Choreographer and dancer, Dalisa Pigram cowering like a battered moth in the dance work, 'Cut the Sky'.
Posted by Jeremy Eccles | 18.01.16
Location: Drama Theatre, Sydney Opera House
In its latest work for the Sydney Festival, the Broome-based dance theatre, Marrugeku continues with the theme of diminishing optimism for Aborigines in The Kimberley that started with their work, Gudirr Gudirr at the Festival in 2014. But, unlike that solo for the company's co-artistic director, Dalisa Pigram (yes, from the musically fertile Pigram family), this is a 6-performer work, and it needed clearer direction than the company's founder, Rachael Swain was able to give it.
It also followed Gudirr Gudirr in employing a European-based co-choreographer to work with Pigram. Serge Aimee Coulibaly may bring Afro-European skills that I missed, and almost certainly brought benefits in terms of co-presenting Cut the Sky at theatres in Germany, Holland and Luxembourg. But I'd really like to see what Pigram on her own could offer about Indigenous feeling in the far North-West. She's such a compact, confident performer, recognising her Malay and English ancestry as well as the Yawaru that links her to her grand-father (and cultural adviser) Patrick Dodson, I feel she has the potential to be the Jimmy Chi of dance.
So, what did I experience? Against an ever-changing projected backdrop across the wide Drama Theatre stage of desertification, the havoc wreaked by the Japanese tsunami and various scenes of mining on Indigenous Country (created by the Desire Machine Collective), the set consisted solely of an intrusive CSG plant that blows very visible and poisonous gas across the stage at various points. A particularly potent scene is the appearance of a disorientated kangaroo through this haze, simply tottering across the stage in such an un-kangaroo manner.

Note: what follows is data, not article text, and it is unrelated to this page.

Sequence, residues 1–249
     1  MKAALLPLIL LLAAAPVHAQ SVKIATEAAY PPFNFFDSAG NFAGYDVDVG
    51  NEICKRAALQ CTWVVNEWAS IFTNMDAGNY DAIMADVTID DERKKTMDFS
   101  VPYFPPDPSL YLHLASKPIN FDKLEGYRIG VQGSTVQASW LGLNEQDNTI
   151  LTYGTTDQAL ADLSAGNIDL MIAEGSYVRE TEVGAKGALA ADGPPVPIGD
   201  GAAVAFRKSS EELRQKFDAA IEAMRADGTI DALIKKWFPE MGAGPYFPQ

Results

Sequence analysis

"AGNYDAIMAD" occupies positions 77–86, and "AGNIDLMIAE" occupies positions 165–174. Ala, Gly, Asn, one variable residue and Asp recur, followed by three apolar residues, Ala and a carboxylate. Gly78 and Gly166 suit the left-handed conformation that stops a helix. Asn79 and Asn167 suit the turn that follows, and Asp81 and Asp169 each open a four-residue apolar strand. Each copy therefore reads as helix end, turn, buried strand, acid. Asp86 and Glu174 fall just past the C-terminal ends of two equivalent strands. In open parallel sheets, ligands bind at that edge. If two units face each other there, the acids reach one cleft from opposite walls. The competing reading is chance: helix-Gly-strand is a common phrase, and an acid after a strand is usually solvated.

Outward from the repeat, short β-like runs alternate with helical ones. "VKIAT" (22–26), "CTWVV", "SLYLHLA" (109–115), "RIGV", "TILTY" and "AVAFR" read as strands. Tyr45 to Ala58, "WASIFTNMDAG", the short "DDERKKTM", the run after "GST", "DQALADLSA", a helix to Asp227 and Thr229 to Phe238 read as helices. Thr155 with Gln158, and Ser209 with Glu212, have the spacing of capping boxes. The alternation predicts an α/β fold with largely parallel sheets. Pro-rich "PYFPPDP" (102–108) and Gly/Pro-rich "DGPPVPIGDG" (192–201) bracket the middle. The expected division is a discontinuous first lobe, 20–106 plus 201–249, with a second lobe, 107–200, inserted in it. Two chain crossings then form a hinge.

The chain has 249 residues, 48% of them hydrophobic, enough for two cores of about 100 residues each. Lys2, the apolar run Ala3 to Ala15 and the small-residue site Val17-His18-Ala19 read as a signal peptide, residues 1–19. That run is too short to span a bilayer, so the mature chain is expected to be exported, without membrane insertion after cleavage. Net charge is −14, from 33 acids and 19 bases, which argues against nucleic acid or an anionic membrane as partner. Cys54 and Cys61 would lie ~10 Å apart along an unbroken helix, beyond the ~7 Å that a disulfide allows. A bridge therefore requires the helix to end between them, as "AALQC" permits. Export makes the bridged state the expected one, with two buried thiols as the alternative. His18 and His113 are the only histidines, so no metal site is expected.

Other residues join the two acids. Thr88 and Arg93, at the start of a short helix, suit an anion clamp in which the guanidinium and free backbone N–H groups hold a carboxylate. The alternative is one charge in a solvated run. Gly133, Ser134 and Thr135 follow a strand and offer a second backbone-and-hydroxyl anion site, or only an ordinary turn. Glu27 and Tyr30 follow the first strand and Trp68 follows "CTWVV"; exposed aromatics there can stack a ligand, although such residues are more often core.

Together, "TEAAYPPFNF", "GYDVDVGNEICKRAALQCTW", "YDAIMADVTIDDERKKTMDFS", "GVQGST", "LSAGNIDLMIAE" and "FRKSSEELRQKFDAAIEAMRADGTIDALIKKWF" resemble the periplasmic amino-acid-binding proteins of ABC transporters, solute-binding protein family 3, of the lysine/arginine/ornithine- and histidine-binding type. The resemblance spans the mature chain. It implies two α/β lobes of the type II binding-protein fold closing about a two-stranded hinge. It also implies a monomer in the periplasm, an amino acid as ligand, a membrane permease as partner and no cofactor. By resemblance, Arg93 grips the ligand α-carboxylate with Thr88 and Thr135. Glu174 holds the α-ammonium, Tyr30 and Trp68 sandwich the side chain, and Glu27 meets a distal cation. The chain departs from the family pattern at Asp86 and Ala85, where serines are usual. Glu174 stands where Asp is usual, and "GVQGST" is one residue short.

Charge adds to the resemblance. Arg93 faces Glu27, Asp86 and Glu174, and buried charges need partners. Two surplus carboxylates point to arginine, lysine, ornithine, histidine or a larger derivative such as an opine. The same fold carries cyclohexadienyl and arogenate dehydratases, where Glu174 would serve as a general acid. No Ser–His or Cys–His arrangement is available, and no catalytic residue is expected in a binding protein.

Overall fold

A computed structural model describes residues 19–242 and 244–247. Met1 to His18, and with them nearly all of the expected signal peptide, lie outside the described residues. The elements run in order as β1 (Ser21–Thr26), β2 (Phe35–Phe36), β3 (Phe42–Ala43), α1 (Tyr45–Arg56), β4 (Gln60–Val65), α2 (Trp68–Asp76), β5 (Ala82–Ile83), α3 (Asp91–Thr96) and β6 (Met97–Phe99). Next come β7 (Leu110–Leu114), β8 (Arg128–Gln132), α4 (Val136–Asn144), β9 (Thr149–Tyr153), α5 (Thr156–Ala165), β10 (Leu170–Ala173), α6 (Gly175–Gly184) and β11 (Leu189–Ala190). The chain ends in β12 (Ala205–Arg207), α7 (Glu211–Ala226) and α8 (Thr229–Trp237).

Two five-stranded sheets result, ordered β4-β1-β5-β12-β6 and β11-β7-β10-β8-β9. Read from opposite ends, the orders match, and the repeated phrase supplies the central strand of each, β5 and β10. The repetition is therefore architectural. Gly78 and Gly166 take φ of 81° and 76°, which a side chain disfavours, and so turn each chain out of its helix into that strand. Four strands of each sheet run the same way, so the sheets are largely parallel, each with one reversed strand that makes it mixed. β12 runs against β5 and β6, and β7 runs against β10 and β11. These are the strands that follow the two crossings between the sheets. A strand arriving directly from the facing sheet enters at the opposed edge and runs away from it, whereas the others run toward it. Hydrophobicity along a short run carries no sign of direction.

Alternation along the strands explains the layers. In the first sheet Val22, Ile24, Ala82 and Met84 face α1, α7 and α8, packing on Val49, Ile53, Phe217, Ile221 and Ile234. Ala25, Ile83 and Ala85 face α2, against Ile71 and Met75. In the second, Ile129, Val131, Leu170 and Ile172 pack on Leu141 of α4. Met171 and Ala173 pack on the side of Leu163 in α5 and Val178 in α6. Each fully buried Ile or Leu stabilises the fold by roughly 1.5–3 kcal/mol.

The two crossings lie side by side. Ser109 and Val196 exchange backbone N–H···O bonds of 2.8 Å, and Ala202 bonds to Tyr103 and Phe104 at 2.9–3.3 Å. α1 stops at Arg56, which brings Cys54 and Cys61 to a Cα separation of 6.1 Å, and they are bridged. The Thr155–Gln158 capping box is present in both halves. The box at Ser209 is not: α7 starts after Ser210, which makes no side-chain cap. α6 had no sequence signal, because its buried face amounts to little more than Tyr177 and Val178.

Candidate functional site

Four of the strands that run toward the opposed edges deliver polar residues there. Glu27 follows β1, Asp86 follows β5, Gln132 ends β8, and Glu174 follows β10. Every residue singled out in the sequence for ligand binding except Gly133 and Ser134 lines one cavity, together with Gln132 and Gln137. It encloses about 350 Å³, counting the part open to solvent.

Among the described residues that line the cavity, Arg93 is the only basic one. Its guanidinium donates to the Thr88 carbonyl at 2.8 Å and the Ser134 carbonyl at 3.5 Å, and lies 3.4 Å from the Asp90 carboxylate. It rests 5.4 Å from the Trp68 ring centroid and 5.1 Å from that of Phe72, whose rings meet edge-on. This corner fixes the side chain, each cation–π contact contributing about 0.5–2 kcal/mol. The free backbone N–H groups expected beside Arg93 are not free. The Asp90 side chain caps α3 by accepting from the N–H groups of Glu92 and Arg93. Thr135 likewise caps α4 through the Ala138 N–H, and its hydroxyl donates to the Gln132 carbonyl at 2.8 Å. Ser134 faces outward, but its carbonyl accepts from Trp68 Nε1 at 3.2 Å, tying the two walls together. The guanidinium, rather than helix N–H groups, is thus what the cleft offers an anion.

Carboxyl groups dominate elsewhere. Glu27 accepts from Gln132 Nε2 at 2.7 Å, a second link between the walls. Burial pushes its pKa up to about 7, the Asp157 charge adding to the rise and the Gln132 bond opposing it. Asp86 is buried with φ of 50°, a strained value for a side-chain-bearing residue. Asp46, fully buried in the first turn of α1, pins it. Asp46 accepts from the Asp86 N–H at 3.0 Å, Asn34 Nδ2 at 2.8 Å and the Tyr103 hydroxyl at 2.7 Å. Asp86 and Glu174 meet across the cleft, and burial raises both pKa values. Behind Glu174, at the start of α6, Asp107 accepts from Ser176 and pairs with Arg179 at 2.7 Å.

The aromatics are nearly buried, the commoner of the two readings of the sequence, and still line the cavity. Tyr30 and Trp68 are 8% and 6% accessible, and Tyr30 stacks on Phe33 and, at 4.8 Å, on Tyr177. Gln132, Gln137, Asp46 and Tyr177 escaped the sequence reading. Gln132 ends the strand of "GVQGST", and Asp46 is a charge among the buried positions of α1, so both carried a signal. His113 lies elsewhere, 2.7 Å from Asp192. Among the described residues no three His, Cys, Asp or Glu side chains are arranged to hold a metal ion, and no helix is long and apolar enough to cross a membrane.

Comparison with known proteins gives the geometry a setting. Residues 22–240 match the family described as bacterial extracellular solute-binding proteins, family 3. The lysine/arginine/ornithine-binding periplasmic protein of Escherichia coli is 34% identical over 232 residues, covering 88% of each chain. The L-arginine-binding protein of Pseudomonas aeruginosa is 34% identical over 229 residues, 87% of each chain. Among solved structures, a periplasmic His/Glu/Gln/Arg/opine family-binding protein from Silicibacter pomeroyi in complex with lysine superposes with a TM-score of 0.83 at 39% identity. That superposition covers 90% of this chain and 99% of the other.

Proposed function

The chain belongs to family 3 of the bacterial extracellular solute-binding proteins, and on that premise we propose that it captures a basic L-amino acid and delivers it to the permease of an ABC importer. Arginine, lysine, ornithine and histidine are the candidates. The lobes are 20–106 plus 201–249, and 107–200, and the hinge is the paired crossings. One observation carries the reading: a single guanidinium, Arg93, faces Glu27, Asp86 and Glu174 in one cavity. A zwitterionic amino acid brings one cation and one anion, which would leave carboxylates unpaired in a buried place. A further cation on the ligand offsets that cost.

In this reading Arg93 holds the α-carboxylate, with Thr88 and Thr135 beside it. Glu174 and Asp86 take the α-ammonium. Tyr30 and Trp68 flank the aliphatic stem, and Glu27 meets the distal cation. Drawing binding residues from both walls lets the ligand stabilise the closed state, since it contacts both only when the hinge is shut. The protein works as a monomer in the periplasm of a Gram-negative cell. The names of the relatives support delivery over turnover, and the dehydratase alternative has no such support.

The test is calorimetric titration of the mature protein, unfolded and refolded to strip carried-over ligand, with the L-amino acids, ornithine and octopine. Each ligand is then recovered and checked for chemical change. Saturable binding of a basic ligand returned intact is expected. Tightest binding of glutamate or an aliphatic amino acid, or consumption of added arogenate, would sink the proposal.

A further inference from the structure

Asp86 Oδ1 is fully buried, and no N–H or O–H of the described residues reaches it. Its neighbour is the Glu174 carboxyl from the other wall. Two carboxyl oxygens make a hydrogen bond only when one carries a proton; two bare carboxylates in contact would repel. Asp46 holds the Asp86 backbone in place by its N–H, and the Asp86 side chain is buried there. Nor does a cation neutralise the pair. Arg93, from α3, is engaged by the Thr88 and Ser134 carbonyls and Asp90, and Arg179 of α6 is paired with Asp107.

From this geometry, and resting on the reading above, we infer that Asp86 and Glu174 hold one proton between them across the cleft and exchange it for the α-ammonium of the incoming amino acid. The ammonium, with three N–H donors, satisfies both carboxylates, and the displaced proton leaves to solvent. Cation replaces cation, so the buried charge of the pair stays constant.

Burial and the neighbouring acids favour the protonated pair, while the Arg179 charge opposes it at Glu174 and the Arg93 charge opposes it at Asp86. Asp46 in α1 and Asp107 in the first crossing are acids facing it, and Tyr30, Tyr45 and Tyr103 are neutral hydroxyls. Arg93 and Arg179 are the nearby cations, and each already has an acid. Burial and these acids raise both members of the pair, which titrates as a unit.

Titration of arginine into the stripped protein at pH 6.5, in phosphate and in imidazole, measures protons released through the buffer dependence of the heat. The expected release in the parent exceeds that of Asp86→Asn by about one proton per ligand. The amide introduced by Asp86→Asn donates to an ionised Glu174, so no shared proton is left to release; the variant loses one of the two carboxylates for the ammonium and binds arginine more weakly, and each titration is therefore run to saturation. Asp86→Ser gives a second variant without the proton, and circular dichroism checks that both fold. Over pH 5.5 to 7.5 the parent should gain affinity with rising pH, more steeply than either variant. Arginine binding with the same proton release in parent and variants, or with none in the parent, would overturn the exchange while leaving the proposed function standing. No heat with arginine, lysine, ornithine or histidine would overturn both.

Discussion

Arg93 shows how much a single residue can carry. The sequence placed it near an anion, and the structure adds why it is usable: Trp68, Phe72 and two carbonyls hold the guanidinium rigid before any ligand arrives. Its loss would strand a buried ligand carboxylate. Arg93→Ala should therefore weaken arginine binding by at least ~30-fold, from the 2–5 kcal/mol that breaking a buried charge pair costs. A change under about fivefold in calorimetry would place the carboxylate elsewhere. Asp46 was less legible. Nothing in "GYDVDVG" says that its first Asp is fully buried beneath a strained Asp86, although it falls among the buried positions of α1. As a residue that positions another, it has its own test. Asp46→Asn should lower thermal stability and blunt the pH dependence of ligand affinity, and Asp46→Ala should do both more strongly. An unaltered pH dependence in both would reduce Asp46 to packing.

The same performer – Eric Avery, I think – plays a violin movingly and sings a rain song in the Ngiyampaa Wangaaypuwan language – though it would appear to have been a non-Aboriginal pop song that actually provokes the welcome rain that falls on stage at the end. I recalled the wonderful recent doco, Putupurri about the efforts of painter Spider Snell to maintain the rain-making character of a particular desert water-hole through traditional ceremony and felt sad that such matters couldn't be more sensitively represented in Cut the Sky.
Such explanation as the show offered came from poet (and painter) Edwin Lee Mulligan in a marvellously laid-back manner, warning of the dangers of releasing his Walmajarri people's 'poison lady' from imprisonment underground. Meanwhile, all hell broke loose around him. Extreme weather was only one cause of this excess. We were also reminded of the Noonkanbah protests against mining in the late 70s and early 80s when sacred sites on an Aboriginal-run cattle station were threatened by miners sooled on by WA Premier Sir Charles Court. We were not reminded of the miners', politicians' and police's Pyrrhic victory then – their oil well was as dry as the desert sands.
Can such complexity of a political nature be successfully danced? Mulligan's poem, “The time for hopefulness is past”, seemed to achieve that so simply. But there was also marvellous movement in a section I mentally entitled, Crying for Country. And Avery's violin accompanied a powerful, abstract rain-dance. Like the curate's egg, Cut the Sky was good (and effective) in parts.
Poet (and Jimmy Pike's grandson) Edwin Lee Mulligan tells traditional stories about the land
The Marrugeku dancers are battered by powerful forces on stage at the Sydney Opera House
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